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Hui of the Year

The Maui Weekly acknowledges some of the many local nonprofit groups that faithfully serve our island community.

December 31, 2009
Trisha Smith

The historic moment was captured at the SeaWatch Restaurant on Saturday, Nov. 28, as the ‘Ulupalakua Ranch easement was signed, preserving over 11,300 acres along the leeward slopes of Haleakalā as both a working ranch and wildlife habitat for future farming opportunities and green-energy initiatives. ‘Ulupalakua Ranch Owners Pardee and Betsy Erdman signed these momentous documents, finalizing Hawai‘i’s largest-ever voluntary easement donation.

MCLT—which receives 75 percent of its funding through donations—is the first nationally-accredited land trust in Hawai‘i and now oversees nearly 16,000 acres in Maui Nui for perpetuity, including the Pu‘u O Hoku Ranch on Moloka‘i.

Visit www.mauicoastallandtrust.org.

Article Photos

She supports a hui that works to preserve our community.

Upcountry Sustainability
Sustainability groups are sprouting up throughout Maui as economic and social struggles shed a vital light on the importance of self-sufficient communities. Our isolated isles must remain on a diverse and productive path over time. We commend all of Maui’s sustainability collaborations, and pay tribute to the new kid on the self-reliant block—Upcountry Sustainability (US).

US was born as a result of the Upcountry Sustainability Expo last April, as like-minded individuals gathered to support how our multi-cultural community can be environmentally, socially and economically sustainable. They hope to educate and collaborate with those who live in particular microclimates of Upcountry, increasing their ability to raise their own food, produce renewable energy, practice water preservation and more. Members Ron Montgomery and Melanie Stephens are proud of US in its freshman year, which has already sponsored three educational tours to seven different local farms, such as the Ululoa Farm in Ha‘ikū. They have also coordinated visits to homes that employ “green” practices and future planning.

US meets on the first, third and fifth Monday of each month, supporting ongoing projects such as school gardens, and envisions an active and energetic Upcountry ‘ohana for the future.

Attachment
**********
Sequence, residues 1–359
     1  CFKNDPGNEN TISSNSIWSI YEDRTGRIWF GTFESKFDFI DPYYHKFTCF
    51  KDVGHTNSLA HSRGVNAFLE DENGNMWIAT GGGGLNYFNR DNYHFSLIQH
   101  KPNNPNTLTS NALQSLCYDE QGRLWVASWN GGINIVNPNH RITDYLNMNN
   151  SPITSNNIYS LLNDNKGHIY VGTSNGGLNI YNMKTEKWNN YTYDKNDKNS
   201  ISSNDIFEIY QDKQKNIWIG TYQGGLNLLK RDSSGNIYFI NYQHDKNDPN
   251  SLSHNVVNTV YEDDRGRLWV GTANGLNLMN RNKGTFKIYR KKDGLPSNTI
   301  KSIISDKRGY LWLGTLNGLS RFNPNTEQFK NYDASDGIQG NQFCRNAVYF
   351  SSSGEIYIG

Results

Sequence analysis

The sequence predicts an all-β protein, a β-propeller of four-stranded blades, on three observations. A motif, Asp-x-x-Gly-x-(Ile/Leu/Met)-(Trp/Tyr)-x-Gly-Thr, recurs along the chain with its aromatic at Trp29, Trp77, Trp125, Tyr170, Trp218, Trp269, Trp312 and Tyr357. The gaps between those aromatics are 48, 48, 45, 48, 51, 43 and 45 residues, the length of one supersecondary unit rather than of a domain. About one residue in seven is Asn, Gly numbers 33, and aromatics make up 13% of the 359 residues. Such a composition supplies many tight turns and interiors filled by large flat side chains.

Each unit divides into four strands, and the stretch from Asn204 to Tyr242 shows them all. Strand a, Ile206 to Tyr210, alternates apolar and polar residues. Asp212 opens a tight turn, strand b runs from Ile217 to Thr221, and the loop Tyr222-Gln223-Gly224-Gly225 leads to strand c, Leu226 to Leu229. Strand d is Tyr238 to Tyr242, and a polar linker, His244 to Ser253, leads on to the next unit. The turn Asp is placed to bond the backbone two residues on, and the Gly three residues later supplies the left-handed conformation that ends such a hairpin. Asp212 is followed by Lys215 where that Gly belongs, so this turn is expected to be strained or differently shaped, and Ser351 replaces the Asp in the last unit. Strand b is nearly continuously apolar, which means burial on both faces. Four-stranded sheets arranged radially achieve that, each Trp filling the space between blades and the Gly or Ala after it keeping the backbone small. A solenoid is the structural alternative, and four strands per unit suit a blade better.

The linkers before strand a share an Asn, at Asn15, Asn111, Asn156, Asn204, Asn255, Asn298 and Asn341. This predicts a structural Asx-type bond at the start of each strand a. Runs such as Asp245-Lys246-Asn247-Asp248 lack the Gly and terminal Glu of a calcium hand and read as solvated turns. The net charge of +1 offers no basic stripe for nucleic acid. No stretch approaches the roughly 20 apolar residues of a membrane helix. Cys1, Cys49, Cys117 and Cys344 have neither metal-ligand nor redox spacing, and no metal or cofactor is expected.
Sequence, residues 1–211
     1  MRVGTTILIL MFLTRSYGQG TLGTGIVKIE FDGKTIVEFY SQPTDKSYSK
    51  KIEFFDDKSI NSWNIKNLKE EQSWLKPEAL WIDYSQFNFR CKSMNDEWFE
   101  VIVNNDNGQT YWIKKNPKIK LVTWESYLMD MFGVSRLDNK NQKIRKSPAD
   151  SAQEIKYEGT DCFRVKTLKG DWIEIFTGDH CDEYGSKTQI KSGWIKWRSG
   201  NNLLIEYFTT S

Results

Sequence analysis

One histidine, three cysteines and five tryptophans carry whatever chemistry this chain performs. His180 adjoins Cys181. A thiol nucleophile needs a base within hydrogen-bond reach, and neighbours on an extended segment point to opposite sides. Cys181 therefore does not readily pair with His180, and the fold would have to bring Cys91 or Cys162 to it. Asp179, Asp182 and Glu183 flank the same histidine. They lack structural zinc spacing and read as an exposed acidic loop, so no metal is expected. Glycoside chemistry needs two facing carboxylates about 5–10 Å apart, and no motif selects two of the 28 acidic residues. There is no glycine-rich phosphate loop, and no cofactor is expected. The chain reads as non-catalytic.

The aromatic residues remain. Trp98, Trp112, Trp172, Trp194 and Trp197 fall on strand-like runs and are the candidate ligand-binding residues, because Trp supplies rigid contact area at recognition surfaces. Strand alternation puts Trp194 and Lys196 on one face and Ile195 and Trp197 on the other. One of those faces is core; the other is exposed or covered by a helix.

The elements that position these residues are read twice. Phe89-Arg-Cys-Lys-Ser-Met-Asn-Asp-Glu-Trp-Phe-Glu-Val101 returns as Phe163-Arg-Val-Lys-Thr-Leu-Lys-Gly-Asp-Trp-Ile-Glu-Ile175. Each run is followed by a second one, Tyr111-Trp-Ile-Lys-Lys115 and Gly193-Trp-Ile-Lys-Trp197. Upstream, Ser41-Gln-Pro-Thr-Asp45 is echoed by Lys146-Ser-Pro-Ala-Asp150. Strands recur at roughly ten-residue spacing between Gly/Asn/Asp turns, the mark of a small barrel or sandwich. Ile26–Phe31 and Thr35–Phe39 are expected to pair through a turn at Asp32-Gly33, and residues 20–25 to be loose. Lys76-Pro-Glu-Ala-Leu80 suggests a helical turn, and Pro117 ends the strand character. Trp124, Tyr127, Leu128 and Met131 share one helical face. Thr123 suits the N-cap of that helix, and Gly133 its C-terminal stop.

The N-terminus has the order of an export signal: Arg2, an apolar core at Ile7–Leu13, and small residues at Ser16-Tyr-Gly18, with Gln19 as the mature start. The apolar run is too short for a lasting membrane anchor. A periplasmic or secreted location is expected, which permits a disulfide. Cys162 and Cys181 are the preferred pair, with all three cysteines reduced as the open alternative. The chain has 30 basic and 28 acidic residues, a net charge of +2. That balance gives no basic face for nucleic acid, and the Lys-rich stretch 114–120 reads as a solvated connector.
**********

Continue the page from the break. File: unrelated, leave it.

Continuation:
Visit http://upcountrysustainability.wordpress.com.

Grants Central Station
What happens when the groups that provide help need help? Recent economic times have revealed how many nonprofits need assistance in strengthening their grant writing skills. Grants Central Station (GCS) is a newly organized nonprofit formed specifically to provide capacity training for all of Maui County’s nonprofits. GCS is a team “invested in helping your team be great stewards of our islands.”

In 2009, through a generous grant from Office of Hawai‘i Affairs and other support, GCS developed, promoted and taught 15 free workshops—five each on Maui, Moloka‘i, and Lāna‘i. With its “Fundamental Five Nonprofit Training Series,” GCS served nearly 172 nonprofits—90 percent of them directly serving the Native Hawaiian community. Nearly 62 percent of those nonprofits are engaged in activities directly impacting our economic development.

“The skills, tools and opportunities we passed along to more than 500 nonprofit professionals and boardmembers will impact those attendees and the thousands of people who benefit from their services for years to come,” said GCS Program Director Leslie Mullens.

GCS is awaiting a grant to continue these workshops, to continue as a “one-stop shop for nonprofit improvement and enrichment.” Visit www.grantscentralstation.org.

Community Work Day
Acts of vandalism, littering and abandonment are behaviors most don’t correspond to Hawai‘i, yet they are the everyday realities for nonprofits like Community Work Day (CWD).

The CWD program on Maui is an environmental and educational organization that strives to restore or enhance public places, engaging over 3,000 volunteers in 2009 with projects including litter pickups, marine debris cleanups, invasive plant control, illegal dumpsite clearing, graffiti cleanup, recycling and paint exchange.

Thanks to the efforts of government, businesses and volunteers working together, CWD has assisted removing over 200,000 pounds of litter and illegally dumped trash from our community environments, all while planting nearly 4,000 native species.

The annual “Great American Cleanup” event held last spring boasted 73 events, including a metal and solid waste-recycling event in Hāna. The “Art of Trash” exhibit showcased an exhibition from 60 Maui artists who created pieces from reused materials. Another successful “Get the Drift and Bag It” International Coastal Cleanup took place, and featured 1,000 volunteers.

CWD closed 2009 with a two-week collection of appliances, tires, batteries and scrap metal on Lāna‘i, which has no facilities to accept these items. Nearly 1,400 items and 14,000 pounds of scrap metal were shipped to O‘ahu for recycling. CWD also coordinates countywide cleanups five times yearly, collects illegally dumped appliances, offers free wire baskets for recycling and materials for cleanups.

 
 

 

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